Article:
As the subtitle implies, this is the author's journal as he follows Tiger Woods throughout the golfer's injury-truncated 2008 season on the PGA Tour. We're along for the ride as Tiger competes in the surreal sands of Dubai, his frustrating second place finish at the Masters, and -- as all golf fans know -- his riveting, season-ending duel with Rocco Mediate at the U.S. Open.
One would be forgiven for assuming that reading an account of 604 holes of golf -- of all sports -- would induce yawns; as it turns out, it is when the author actually focuses on Tiger's immortal gift for hitting a white ball with a crooked stick that this book becomes compelling, gripping stuff. True, the author is more raving Tiger fanatic than objective journalist: Witness his confrontation of two U.S. Open onlookers who dare suggest that the famously aloof Woods "has a lot to learn" from jovial predecessors Nicklaus and Palmer. "Yeah, like what?" Smiley hotly interjects. "He doesn't wave enough," the critic innocently explains. "I'm willing to sacrifice a Miss America wave," the author huffs, "for two eagles in a six-hole span." Indeed, no one will accuse Smiley of squelching his own Tigermania, as he telegraphs fist-pumps and prayers Woods' way, and roars himself hoarse for all the "get in the hole!" hollers he screams at the world's top-ranked golfer.
Then there is the overly familiar Bob Smiley himself -- the happy-go-lucky, California frat boy with whom this reader would regretfully become far better acquainted than with the crimson-shirted legend advertised as the book's true subject. Where and how Smiley met and courted his wife? It's in there. His intermittent, post-college career in the entertainment industry? Check: He was production assistant on Sabrina, the Teenage Witch. Favorite band in high school? Yep. (Pink Floyd.)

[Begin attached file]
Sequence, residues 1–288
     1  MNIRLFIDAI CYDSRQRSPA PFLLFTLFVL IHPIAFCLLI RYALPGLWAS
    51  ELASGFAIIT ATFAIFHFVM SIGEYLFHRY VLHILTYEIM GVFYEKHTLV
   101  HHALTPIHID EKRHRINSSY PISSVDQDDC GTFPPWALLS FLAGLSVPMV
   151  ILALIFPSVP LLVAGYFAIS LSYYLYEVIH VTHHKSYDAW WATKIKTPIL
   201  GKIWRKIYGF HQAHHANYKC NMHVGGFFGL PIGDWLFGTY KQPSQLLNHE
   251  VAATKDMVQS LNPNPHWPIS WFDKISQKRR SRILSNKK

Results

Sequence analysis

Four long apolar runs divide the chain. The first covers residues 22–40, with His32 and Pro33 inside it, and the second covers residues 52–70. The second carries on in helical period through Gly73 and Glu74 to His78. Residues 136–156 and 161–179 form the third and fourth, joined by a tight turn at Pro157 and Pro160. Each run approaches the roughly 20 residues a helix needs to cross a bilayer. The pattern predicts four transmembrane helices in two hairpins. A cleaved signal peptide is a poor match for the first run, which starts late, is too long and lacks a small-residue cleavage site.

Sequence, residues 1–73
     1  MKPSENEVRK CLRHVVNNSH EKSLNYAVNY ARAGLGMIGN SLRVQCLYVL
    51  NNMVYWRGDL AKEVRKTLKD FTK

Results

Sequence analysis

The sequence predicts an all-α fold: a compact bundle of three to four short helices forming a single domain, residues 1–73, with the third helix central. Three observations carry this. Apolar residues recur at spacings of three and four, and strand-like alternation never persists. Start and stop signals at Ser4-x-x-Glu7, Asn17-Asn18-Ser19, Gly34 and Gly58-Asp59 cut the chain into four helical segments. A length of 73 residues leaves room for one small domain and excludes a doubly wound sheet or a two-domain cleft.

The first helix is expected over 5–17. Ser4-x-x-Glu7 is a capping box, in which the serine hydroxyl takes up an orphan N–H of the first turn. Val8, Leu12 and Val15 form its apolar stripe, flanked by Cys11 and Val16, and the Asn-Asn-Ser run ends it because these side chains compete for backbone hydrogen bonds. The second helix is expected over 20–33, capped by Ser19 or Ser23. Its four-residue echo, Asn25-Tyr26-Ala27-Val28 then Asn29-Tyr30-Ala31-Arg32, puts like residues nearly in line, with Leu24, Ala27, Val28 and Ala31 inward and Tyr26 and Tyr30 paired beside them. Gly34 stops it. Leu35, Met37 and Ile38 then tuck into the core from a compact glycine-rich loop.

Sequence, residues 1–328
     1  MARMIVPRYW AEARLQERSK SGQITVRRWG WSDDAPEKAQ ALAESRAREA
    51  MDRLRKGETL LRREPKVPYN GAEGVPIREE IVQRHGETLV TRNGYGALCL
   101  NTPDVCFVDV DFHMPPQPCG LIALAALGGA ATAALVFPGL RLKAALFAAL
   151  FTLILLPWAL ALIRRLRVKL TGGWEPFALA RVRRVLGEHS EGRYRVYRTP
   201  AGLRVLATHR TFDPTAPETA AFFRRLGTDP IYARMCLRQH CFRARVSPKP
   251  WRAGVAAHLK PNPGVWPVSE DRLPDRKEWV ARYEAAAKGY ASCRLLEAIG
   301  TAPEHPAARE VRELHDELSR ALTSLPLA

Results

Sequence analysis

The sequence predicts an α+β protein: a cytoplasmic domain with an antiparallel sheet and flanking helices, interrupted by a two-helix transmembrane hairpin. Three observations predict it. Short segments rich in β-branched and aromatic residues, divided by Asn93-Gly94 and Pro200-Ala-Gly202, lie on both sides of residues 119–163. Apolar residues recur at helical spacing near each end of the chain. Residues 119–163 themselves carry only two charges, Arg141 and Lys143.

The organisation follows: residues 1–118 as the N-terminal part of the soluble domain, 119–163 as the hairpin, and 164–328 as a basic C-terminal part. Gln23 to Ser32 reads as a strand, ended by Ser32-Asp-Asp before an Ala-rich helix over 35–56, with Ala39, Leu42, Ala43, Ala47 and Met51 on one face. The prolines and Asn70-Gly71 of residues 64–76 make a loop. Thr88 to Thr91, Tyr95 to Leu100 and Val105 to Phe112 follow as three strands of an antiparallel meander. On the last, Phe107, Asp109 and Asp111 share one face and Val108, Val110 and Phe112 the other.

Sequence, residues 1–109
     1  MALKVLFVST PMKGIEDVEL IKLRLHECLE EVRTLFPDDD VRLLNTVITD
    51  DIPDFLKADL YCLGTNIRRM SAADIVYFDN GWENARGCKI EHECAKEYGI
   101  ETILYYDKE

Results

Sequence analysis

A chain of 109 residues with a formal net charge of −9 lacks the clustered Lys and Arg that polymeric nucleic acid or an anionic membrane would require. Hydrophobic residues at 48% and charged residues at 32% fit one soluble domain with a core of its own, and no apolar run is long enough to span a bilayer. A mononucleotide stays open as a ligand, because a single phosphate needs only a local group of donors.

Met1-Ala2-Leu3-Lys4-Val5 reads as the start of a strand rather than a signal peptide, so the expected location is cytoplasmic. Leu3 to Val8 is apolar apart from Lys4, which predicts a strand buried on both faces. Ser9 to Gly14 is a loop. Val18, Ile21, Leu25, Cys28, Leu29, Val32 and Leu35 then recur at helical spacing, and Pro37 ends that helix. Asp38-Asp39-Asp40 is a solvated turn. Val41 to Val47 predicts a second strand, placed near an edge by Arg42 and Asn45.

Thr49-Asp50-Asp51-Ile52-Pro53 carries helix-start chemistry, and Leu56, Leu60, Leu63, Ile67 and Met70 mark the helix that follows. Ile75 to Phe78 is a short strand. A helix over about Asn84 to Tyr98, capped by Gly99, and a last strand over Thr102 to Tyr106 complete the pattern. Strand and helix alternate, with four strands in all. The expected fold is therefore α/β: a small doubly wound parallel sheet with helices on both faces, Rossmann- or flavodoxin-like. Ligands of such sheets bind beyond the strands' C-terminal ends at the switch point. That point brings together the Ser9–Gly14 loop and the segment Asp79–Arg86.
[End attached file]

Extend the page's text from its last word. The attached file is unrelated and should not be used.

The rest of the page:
Amid everything I learned about the author I wondered, What was Tiger's favorite band in high school? What was his courtship like to wife Elin? Not that such trivia elucidates Tiger's prowess on the golf course. But if Woods' private life doesn't belong here, why does Smiley's?
Follow the Roar is not without its triumphs -- in particular, the chapter devoted to the little-known Tavistock Cup tournament, pitting the golf pro residents of tiny, gated-community Windermere, Fla. (home to Tiger and Charles Howell III), against neighboring, equally exclusive Isleworth (Ernie Els and Sergio Garcia). Tavistock, the author reveals, is all about hometown bragging rights for a clutch of PGA titans, while its gallery -- composed disproportionately of Florida's Bentley set -- see it as the ideal justification to go on a cocktail bender.
These occasionally fascinating detours notwithstanding, Roar is perhaps best understood as the Twitter account of a Tiger-obsessed fan boy: Sure, we follow Tiger's every stroke. But in between, the author can't help raving about the killer burrito he just noshed in the pro club cafeteria. Tweet!